The drivel of 33 Theses For An Economic Revolution

We have a lovely little list of things wrong with economics which should be corrected. 33 of them, issued on the anniversary of Luther's list about the Catholic Church and so on. There's a problem with this little list. 

It's drivel. Rather than go through each, piece by piece, something important to note about the series of complaints.

There are entire libraries discussing the pros and cons of each of their specific complaints. Their first, for example, is that society gets to decide what it wants. Sure, that's one of the first things you're taught in economics, it's a positive, not normative, subject. It doesn't say "should," rather, "if, then." 

Markets are shaped by custom, law and culture? Sure, what does anyone think Wealth of Nations is about? 

Institutions shape markets? Don't we have an entire subject, institutional economics? 

One can go on through the list in such a manner. But to move up a level of complaint:

First, within economics, an unhealthy intellectual monopoly has developed. The neoclassical perspective

What they are complaining about is something much closer to "neoliberal" economics here. Neoclassical just isn't the correct target at all. For those entire libraries discussing all of the things they claim are ignored have used the neoclassical toolkit to explore them. In fact, pretty much anyone studying the economy at the margin is using that neoclassical toolkit.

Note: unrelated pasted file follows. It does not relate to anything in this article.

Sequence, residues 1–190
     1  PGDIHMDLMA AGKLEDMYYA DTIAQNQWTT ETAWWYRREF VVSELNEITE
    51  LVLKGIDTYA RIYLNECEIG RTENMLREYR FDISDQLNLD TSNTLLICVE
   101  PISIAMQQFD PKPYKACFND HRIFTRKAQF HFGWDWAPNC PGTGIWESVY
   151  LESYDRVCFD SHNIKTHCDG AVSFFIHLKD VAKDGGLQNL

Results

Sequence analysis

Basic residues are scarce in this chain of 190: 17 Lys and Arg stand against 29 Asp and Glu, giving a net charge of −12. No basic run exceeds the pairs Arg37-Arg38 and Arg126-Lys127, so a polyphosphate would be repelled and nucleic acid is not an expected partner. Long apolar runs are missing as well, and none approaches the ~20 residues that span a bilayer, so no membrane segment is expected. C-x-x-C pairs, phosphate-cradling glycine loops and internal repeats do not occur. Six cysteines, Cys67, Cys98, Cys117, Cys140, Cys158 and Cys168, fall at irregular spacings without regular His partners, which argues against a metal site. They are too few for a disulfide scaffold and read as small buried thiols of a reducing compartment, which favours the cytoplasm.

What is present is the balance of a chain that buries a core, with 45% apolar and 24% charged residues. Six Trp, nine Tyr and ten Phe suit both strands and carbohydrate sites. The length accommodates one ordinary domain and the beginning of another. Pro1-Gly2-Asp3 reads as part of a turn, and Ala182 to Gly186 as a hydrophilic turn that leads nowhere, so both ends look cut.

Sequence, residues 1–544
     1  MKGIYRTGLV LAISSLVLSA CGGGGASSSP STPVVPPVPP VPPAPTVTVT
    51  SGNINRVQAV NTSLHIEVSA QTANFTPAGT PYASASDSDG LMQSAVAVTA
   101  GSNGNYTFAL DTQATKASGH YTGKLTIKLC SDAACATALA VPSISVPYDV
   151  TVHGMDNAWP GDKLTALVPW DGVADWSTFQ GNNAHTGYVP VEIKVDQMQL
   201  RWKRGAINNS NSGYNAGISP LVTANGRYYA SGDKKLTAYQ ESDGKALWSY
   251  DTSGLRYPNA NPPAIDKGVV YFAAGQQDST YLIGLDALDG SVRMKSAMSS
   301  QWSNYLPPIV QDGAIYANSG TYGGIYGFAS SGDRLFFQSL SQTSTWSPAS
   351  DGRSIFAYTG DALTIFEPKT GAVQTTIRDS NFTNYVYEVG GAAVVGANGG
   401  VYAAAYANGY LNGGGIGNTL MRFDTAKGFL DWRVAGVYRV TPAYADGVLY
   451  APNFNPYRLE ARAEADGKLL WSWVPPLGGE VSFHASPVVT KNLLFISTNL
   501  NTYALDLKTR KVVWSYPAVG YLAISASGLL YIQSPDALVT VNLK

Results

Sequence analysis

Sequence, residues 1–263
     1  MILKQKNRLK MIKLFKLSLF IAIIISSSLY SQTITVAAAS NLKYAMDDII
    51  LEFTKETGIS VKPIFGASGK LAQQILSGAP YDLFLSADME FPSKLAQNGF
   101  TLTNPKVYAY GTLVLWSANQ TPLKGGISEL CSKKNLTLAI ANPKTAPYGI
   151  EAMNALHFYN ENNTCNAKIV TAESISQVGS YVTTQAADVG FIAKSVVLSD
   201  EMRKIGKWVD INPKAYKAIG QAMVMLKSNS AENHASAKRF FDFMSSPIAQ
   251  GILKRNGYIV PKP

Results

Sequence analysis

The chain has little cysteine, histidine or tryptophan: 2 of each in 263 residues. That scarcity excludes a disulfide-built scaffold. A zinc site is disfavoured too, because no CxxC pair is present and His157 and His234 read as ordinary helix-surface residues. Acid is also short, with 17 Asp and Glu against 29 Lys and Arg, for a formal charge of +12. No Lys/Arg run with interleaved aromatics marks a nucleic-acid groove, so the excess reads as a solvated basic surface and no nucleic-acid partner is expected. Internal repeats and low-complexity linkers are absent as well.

But then to move up one more level of complaint to something so ludicrous that it's amazing that actual adults will make this mistake:

Economics must recognise that the availability of non-renewable energy and resources is not infinite, and the use of these stocks to access the energy they contain alters the planet’s aggregate energy balances, creating consequences such as climatic upheaval.

Excellent, the Stern Review, the work of William Nordhaus, the economic models of the IPCC, Marty Weizman, Sir Partha Dasgupta,  the very work that shows we've a problem, should do something about it (a carbon tax!) and so on all used that standard neoclassical toolkit to get to that answer.

But now to the real biggie - what is the basic contention of economics? Resources are scarce therefore we need to study their allocation. What is their contention? That the very science of the allocation of scarce resources ignores the fact that resources are scarce.

This is drivel.